In all seriousness though Point Of Care testing is the way forward...... Enables people to take more Responsibility for their healthcare and reduces the strain on the current healthcare services - GP's and secondary care...

PDUK



posted on Jul, 29 2014 @ 12:51 PM
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originally posted by: Time2Think
Hey man it was nice talking with you tonight. Just so you and everyone understands this better.. Everyone actually has cancer; however what society today knows as cancer is in reality what occurs when dead cells do not exit the body normally and are instead collected up together into a mass known as a tumor.

a reply to: pl3bscheese


This is true. The average person has 4 "outbreaks" of cancer but their body is healthy enough to fight off the cancer.



posted on Jul, 29 2014 @ 01:43 PM
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a reply to: knoledgeispower

Really? Guess I'm just off here. I thought cancer something that was irreversable without cutting, burning, or poisoning. I thought our body had cells that got messed up, but then could still do apoptosis. So small tumors where there is rapid cell division of damaged dna would occur, but the body would eventually ramp up the ability to kill off the abnormal growth. Thought that cancer was a designation that only came about once it was clear that the bodies ability to fight it off was just not happening. Maybe I have a false understanding?!



posted on Jul, 29 2014 @ 01:49 PM
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originally posted by: Aural
There arebasically hundreds of different forms of cancer. How could it be that universal? It would be good to pick up many forms if possible but i have doubts of it being truely universal.


I'm guessing all they need to do is home in on one chemical change that is pretty much apparent in everyone who has cancer. It may not tell you what type of cancer you have, but it would tell whether or not it was present. Once that was established, the doctors could go from there.



posted on Jul, 29 2014 @ 04:27 PM
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a reply to: pl3bscheese

Pretty much EVERYONE has a false understanding unless they go through it themselves - like me :T or they do the research themselves.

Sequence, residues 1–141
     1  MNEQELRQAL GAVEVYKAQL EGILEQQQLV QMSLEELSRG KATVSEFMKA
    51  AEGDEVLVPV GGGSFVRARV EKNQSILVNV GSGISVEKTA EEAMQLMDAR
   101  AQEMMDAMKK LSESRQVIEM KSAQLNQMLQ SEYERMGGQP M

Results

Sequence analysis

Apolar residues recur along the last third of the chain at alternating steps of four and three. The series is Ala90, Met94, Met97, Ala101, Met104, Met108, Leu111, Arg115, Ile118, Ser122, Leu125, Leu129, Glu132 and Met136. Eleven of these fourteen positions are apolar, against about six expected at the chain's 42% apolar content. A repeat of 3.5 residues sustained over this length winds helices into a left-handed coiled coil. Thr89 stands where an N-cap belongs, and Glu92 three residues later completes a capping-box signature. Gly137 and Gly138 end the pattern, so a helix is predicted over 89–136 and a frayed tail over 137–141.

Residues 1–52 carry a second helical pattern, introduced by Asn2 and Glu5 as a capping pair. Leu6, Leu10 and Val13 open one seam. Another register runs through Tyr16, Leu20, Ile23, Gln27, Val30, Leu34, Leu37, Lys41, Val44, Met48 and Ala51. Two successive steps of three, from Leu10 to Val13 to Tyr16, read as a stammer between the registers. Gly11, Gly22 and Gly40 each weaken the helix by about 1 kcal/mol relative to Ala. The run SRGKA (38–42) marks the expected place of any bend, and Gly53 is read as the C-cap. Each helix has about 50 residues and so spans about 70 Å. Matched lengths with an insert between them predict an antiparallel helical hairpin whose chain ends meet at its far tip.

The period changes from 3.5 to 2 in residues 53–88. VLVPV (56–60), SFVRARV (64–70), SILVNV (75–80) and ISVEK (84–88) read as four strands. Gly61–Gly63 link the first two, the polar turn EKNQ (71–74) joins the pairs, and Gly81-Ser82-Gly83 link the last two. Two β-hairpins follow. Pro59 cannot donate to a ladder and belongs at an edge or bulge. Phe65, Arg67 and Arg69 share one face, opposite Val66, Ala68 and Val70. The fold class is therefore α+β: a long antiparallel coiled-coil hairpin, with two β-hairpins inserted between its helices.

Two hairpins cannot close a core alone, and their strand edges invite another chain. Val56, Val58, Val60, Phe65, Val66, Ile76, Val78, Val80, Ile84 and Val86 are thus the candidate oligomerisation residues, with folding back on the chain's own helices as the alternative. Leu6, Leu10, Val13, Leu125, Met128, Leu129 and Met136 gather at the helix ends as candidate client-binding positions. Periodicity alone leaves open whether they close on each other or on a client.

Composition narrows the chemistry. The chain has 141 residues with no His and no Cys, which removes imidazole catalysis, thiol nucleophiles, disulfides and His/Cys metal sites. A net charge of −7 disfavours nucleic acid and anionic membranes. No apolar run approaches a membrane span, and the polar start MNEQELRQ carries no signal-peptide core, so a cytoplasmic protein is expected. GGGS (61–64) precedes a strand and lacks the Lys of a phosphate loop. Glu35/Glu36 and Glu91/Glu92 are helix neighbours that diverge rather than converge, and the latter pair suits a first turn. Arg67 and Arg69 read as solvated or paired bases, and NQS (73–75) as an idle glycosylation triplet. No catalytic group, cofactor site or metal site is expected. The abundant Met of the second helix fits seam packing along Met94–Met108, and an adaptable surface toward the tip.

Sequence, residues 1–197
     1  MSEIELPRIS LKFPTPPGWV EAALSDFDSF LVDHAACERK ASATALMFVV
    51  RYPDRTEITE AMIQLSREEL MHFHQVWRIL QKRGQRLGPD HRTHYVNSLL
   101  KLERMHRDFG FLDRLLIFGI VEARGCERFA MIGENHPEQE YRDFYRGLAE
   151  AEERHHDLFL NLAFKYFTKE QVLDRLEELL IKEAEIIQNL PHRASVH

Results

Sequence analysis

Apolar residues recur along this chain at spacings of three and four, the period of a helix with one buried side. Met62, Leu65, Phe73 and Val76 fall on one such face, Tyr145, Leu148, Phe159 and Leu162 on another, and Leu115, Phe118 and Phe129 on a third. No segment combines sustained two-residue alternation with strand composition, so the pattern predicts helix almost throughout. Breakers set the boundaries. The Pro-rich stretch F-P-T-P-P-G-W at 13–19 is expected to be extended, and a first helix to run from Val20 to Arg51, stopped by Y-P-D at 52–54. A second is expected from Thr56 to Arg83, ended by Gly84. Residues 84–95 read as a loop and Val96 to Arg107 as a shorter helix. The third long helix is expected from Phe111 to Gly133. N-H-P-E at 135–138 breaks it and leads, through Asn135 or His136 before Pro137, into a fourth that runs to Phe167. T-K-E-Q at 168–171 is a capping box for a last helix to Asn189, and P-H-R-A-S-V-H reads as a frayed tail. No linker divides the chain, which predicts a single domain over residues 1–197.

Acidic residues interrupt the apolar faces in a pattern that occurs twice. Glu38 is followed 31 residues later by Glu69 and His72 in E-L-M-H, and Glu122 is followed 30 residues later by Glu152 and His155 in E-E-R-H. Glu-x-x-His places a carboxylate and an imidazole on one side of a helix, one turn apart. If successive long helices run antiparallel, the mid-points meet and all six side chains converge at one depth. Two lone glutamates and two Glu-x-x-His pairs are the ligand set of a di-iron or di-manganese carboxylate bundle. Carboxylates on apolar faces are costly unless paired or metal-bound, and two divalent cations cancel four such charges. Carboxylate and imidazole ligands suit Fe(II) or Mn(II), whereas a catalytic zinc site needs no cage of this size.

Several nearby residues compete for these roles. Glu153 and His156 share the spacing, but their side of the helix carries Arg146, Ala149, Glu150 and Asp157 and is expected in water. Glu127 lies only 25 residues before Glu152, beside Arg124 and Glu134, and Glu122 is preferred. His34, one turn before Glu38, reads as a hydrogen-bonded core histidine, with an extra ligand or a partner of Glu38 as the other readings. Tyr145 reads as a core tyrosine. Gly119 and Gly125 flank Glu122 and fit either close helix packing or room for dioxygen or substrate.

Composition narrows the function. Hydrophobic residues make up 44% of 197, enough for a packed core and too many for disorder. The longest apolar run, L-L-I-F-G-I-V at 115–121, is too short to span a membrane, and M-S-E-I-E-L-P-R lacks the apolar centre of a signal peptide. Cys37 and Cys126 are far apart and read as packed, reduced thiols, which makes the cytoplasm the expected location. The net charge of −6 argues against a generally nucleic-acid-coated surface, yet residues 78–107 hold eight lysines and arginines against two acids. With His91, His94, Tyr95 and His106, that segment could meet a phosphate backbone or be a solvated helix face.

posted on Jul, 29 2014 @ 04:36 PM
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originally posted by: ketsuko

originally posted by: Aural
There arebasically hundreds of different forms of cancer. How could it be that universal? It would be good to pick up many forms if possible but i have doubts of it being truely universal.


I'm guessing all they need to do is home in on one chemical change that is pretty much apparent in everyone who has cancer. It may not tell you what type of cancer you have, but it would tell whether or not it was present. Once that was established, the doctors could go from there.


As I quoted above from cancer.org:




"Cells become cancer cells because of DNA (deoxyribonucleic acid) damage. DNA is in every cell and it directs all its actions. In a normal cell, when DNA is damaged the cell either repairs the damage or the cell dies. In cancer cells, the damaged DNA is not repaired, but the cell doesn’t die like it should. Instead, the cell goes on making new cells that the body doesn’t need. These new cells all have the same damaged DNA as the first abnormal cell does.


deoxyribonucleic acid damage detection:

scholar.google.com... QgQMwAA
edit on 29-7-2014 by Time2Think because: added more info and links



posted on Jul, 29 2014 @ 04:50 PM
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This "new" discovery seems to be based off of some stuff scientists have been working on since 1993. Makes sense I guess, just hope if it is that everyone gets credit. Unfortunately I cannot read the entire .PDF :T

Direct enzymic detection of endogenous oxidative base damage in human lymphocyte DNA

carcin.oxfordjournals.org...